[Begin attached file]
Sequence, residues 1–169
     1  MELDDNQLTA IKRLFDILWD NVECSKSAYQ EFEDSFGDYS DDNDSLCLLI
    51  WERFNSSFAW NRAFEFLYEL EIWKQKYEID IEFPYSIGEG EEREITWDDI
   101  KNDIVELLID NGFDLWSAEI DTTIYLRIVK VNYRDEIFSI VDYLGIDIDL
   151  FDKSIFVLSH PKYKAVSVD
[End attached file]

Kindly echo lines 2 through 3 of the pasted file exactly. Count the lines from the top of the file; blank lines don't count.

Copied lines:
     1  MELDDNQLTA IKRLFDILWD NVECSKSAYQ EFEDSFGDYS DDNDSLCLLI
    51  WERFNSSFAW NRAFEFLYEL EIWKQKYEID IEFPYSIGEG EEREITWDDI